Squamous cell carcinoma is a type of cancer that primarily affects the skin of dogs and cats. Has your cat or dog been diagnosed with squamous cell carcinoma? Or has your vet mentioned that this could be a possibility for your pet? Are you concerned about what this could mean and how well your furry friend may be able to recover from this condition?
In the article below, you’ll find a quick rundown of the basic information you need to know about squamous cell carcinoma in cats.
What is Squamous Cell Carcinoma?
Squamous cell carcinoma (SCC) is a type of cancer that can affect a pet’s skin. It focuses on the top, or outer layer, of the skin which is also called the squamous layer. These lesions or tumors can develop anywhere, but are more common in areas that have less hair and pigment and that receive the most exposure to ultraviolet rays. These areas may include ear tips, eyelids, nose and lips.
This type of cancer usually affects only one site on a cat’s body. However, in very severe instances, cats may suffer from multiple tumors on the skin (Bowen’s carcinoma). Some cats may also suffer from metastatic cancer as a result of squamous cell carcinomas, although this is not very common.
What Are the Signs and Symptoms of Squamous Cell Carcinoma in Cats?
Visible tumors and lesions on the cat’s skin are the most common symptoms of this condition.
SCC appears as either red or crusted and/or ulcerated abnormalities of the skin. Tumors may also appear scabbed and rough. Some tumors may cause cats to lose their sense of smell or can cause lameness, depending on where they are located.
What Causes Cats to Develop This Type of Cancer?
Some cats may develop squamous cell carcinomas more often if they are allowed to spend a lot of time outdoors in the sun. However, even some fully indoor cats can develop this condition. It is partially hereditary and may also have to do with exposure to papilloma virus as a kitten.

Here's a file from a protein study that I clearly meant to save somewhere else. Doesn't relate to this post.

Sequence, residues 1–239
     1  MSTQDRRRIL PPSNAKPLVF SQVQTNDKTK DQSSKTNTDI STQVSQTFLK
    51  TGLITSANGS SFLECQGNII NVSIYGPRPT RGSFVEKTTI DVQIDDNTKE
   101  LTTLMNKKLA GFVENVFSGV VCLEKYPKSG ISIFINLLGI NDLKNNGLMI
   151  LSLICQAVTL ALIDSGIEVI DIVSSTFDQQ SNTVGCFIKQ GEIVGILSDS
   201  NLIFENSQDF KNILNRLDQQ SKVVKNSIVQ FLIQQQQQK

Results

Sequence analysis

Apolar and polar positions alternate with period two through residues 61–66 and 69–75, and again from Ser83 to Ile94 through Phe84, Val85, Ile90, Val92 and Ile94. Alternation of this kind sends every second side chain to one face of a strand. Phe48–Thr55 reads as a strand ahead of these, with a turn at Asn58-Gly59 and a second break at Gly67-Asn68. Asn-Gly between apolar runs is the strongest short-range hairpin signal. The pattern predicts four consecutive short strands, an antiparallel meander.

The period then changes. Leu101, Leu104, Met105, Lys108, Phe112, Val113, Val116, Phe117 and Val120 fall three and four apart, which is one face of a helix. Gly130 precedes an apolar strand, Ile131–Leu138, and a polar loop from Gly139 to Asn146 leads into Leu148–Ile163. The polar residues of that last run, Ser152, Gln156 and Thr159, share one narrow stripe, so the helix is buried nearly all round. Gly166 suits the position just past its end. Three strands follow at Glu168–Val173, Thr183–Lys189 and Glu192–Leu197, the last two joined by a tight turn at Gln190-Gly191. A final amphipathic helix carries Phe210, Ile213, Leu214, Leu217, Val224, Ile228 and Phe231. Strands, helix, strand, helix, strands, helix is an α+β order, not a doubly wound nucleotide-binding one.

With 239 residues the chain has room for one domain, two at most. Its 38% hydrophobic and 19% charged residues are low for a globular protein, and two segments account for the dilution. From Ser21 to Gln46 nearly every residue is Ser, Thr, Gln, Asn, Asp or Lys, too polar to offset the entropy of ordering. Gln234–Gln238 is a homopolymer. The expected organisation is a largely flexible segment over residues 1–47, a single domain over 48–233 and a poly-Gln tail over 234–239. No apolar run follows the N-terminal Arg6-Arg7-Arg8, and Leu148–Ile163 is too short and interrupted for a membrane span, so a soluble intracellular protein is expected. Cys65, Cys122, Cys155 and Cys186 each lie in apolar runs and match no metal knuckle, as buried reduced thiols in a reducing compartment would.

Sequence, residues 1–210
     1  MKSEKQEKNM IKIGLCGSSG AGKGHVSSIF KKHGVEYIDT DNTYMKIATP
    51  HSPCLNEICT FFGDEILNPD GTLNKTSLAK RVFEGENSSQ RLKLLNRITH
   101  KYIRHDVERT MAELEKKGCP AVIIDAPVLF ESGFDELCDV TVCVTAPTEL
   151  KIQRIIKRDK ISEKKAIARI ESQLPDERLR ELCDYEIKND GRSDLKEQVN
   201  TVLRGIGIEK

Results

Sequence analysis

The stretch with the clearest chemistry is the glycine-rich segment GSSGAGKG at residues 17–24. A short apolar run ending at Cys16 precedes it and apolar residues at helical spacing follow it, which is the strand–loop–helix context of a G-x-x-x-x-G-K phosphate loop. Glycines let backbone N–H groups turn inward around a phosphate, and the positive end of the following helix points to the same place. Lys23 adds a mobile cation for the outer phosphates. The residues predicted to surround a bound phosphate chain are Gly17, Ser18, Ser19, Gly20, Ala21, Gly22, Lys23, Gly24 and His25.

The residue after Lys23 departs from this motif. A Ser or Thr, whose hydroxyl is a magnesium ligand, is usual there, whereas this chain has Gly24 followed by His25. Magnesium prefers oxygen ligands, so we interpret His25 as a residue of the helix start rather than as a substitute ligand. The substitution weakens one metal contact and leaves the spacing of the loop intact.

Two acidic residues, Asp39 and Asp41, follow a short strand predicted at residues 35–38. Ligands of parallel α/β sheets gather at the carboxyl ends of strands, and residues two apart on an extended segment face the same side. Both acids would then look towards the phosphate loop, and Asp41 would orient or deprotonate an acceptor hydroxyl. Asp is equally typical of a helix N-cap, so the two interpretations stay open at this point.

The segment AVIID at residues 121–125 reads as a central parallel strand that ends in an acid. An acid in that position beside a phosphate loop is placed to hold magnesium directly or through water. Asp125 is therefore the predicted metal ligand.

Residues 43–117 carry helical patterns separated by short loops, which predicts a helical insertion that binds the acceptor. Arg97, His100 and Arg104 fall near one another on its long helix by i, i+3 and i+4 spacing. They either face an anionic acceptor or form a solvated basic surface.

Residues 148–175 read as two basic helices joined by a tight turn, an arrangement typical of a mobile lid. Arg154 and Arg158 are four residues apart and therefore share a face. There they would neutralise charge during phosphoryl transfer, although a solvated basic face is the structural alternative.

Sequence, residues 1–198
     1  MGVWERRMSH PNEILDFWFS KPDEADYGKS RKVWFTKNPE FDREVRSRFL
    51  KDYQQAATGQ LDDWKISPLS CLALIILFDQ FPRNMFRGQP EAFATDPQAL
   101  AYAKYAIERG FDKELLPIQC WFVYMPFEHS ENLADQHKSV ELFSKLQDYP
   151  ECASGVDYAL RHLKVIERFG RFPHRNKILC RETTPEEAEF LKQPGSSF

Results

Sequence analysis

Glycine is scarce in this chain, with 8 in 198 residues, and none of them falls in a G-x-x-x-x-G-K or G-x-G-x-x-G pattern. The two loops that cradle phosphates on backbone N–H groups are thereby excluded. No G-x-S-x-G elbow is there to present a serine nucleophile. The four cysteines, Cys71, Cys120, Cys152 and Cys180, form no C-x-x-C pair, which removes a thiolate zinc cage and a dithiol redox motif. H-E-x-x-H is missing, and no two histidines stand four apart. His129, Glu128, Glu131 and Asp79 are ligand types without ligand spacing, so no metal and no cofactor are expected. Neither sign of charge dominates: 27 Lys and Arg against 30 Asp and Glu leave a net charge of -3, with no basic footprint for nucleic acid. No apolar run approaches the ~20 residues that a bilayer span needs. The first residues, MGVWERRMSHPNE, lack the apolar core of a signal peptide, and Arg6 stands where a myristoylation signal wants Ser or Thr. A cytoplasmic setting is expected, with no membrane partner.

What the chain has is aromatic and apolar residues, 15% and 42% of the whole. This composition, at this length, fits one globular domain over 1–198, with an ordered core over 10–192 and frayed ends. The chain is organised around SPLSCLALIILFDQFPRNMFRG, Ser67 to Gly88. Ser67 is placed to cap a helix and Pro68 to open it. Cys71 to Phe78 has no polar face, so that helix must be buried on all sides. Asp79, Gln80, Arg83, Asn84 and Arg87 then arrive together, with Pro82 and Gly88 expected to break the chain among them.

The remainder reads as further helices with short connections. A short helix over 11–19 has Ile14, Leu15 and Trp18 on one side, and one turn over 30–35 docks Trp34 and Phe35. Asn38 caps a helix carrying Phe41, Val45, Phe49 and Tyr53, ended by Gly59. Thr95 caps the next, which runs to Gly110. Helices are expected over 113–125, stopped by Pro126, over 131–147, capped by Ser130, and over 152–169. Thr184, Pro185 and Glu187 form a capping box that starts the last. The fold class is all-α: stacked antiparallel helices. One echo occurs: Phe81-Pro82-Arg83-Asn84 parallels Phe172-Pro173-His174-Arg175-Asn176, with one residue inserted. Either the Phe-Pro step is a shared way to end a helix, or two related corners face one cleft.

Cats who have white fur or very light fur are more prone to developing squamous cell carcinomas than dark cats. Additionally, Persian and Siamese cats are less likely to suffer from squamous cell carcinoma than other breeds.
How Will a Vet Diagnose Squamous Cell Carcinoma in a Cat?
A fine needle aspirate and cytology can be used to diagnose SCC. This method allows the veterinarian to remove a sample of cells from the tumor and check them closely to determine whether or not they are cancerous. A completely surgical biopsy may be performed in instances when fine needle aspiration does not yield a diagnosis.
How is Squamous Cell Carcinoma Treated in Cats and What is the Prognosis?
Most of the time, cats will be required to undergo surgery to treat squamous cell carcinoma. With that said, however, some cats may be better candidates for surgery than others, and your vet will tell you which options are right for your pet.
Some cats may have tumors that can be frozen off, while others may have tumors so large that they require amputation of part of the body. Depending on the location of the tumor, some cats may also be able to undergo radiation treatments.
Most squamous cell carcinomas will stay in one place, although it is possible that the condition could spread. It may sometimes find its way into the lymph nodes, which can cause it to spread throughout the body. Your cat will need to be checked several times per year to determine whether or not this has occurred. If it does not, then the prognosis is very good.
We Can Treat Squamous Cell Carcinoma in Cats
Squamous cell carcinoma requires a veterinary diagnosis. When it is caught early enough and treated properly, cats have a good chance at recovering from this condition. However, it is important to work closely with your vet throughout the diagnosis and treatment for best results.
Cats who have squamous cell carcinoma already may be at risk of developing additional lesions, so talk to your vet for more information about preventing this problem in your cat moving forward. If referred by your vet, AVIM&O can help you better understand your cat’s specific needs when it comes to dealing with squamous cell carcinoma.